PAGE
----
The continuity and duration of depression and its relationship to non-suicidal self-harm and suicidal ideation and behavior in adolescents 12–17

Stephen R. Zubrick, Jennifer Hafekost, Sarah E. Johnson, Michael G. Sawyer, George Patton, David Lawrence

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Abstract

Background There is a significant overlap between non-suicidal self-harm and suicidal ideation and behavior in young people with both symptom continuity and symptom duration implicated in this association. Methods A population sample of Australian 12–17 year olds. Interviewers collected measures for DSM disorders, symptom duration and continuity, and background information from their parents, while young people self-reported symptoms of depression, non-suicidal self-harm and suicidal ideation and behaviors. This report focusses on the 265 young people who met the DSM criteria for Major Depressive Disorder based on their own self-reports. Results Relative to young people who had at least one period 2 months or longer without symptoms since first onset, young people who had the continuous presence of depressive symptoms since their first onset had significantly higher odds for life-time self-harm, 12-month self-harm, multiple self-harm, suicidal ideation and suicide attempt within the past 12 months. The duration of depressive symptoms and the continuity of these symptoms each independently contribute to elevating the risks of non-suicidal self-harming and suicidal ideation and behaviors. Limitations Reliance on self-report from the young people and time constraints prohibiting administering diagnostic modules other than the Major Depressive Disorder and estimating self-reported co-morbidity. Conclusions Among young people with a Major Depressive Disorder, self-reports about duration of depressive symptoms as well as the continuity of symptoms, each independently contributes to elevated risks of non-suicidal self-harming and suicidal ideation and behaviors. As well, un-remitting as opposed to episodic symptoms in this group of young people are common and are a powerful indicator of suffering associated with both self-harm and suicidal behavior.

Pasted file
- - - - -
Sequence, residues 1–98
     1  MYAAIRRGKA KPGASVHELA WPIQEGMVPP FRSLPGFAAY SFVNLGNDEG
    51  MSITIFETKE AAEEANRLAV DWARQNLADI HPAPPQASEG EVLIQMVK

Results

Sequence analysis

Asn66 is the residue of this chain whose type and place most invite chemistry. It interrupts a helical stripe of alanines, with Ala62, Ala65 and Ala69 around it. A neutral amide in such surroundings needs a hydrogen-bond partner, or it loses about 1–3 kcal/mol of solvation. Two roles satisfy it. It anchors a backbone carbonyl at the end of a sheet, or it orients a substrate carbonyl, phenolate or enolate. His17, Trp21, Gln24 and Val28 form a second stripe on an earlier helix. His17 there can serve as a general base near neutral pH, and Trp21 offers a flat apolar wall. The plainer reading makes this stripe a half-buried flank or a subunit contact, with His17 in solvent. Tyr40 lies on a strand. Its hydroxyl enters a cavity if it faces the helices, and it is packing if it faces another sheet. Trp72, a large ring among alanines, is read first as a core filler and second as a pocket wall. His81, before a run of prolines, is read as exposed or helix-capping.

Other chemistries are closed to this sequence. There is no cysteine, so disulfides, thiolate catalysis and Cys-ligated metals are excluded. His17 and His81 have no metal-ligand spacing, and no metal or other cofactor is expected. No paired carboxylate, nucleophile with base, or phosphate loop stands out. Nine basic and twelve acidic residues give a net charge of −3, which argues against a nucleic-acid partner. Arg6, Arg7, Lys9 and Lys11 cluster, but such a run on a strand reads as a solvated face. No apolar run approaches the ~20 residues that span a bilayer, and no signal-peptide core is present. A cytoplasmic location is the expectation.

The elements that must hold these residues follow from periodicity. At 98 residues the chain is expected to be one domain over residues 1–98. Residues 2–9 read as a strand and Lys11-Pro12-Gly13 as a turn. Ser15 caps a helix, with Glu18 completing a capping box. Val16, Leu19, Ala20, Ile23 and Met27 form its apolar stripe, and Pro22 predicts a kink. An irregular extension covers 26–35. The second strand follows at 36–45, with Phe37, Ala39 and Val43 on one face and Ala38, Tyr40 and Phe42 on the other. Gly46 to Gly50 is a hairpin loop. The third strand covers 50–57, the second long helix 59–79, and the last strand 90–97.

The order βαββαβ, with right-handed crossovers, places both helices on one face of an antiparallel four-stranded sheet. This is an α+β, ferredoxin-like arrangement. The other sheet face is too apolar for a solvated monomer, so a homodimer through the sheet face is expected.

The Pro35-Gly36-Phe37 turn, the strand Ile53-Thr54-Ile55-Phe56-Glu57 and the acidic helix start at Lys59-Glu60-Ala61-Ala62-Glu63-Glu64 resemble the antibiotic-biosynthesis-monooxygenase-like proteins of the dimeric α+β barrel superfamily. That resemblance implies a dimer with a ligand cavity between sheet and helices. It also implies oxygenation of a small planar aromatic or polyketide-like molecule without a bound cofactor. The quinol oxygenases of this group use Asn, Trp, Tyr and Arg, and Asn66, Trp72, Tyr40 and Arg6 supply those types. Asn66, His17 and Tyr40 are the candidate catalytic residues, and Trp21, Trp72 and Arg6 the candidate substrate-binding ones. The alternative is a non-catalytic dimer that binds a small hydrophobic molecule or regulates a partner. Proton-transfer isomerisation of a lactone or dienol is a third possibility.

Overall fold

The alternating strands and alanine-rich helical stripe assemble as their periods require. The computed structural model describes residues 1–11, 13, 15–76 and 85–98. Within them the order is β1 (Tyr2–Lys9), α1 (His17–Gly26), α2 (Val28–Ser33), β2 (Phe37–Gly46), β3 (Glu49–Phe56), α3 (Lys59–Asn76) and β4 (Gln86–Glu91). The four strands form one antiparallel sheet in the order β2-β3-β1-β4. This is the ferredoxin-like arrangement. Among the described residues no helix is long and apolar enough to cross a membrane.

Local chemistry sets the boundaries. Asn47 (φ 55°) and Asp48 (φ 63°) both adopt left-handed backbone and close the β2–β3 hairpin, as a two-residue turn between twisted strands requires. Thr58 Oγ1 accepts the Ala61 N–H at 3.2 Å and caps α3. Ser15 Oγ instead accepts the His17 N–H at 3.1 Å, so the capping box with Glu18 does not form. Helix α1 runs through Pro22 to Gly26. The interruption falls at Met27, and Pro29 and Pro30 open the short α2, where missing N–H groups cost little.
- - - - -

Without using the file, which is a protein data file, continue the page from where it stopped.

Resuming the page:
LanguageEnglish
Pages49-56
Number of pages8
JournalJournal of Affective Disorders
Volume220
DOIs
StatePublished - 1 Oct 2017

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Suicidal Ideation
Adolescent Behavior
Depression
Major Depressive Disorder
Self Report
Psychological Stress
Suicide
Parents
Interviews
Morbidity
Population

Cite this

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title = "The continuity and duration of depression and its relationship to non-suicidal self-harm and suicidal ideation and behavior in adolescents 12–17",
abstract = "Background There is a significant overlap between non-suicidal self-harm and suicidal ideation and behavior in young people with both symptom continuity and symptom duration implicated in this association. Methods A population sample of Australian 12–17 year olds. Interviewers collected measures for DSM disorders, symptom duration and continuity, and background information from their parents, while young people self-reported symptoms of depression, non-suicidal self-harm and suicidal ideation and behaviors. This report focusses on the 265 young people who met the DSM criteria for Major Depressive Disorder based on their own self-reports. Results Relative to young people who had at least one period 2 months or longer without symptoms since first onset, young people who had the continuous presence of depressive symptoms since their first onset had significantly higher odds for life-time self-harm, 12-month self-harm, multiple self-harm, suicidal ideation and suicide attempt within the past 12 months. The duration of depressive symptoms and the continuity of these symptoms each independently contribute to elevating the risks of non-suicidal self-harming and suicidal ideation and behaviors. Limitations Reliance on self-report from the young people and time constraints prohibiting administering diagnostic modules other than the Major Depressive Disorder and estimating self-reported co-morbidity. Conclusions Among young people with a Major Depressive Disorder, self-reports about duration of depressive symptoms as well as the continuity of symptoms, each independently contributes to elevated risks of non-suicidal self-harming and suicidal ideation and behaviors. As well, un-remitting as opposed to episodic symptoms in this group of young people are common and are a powerful indicator of suffering associated with both self-harm and suicidal behavior.",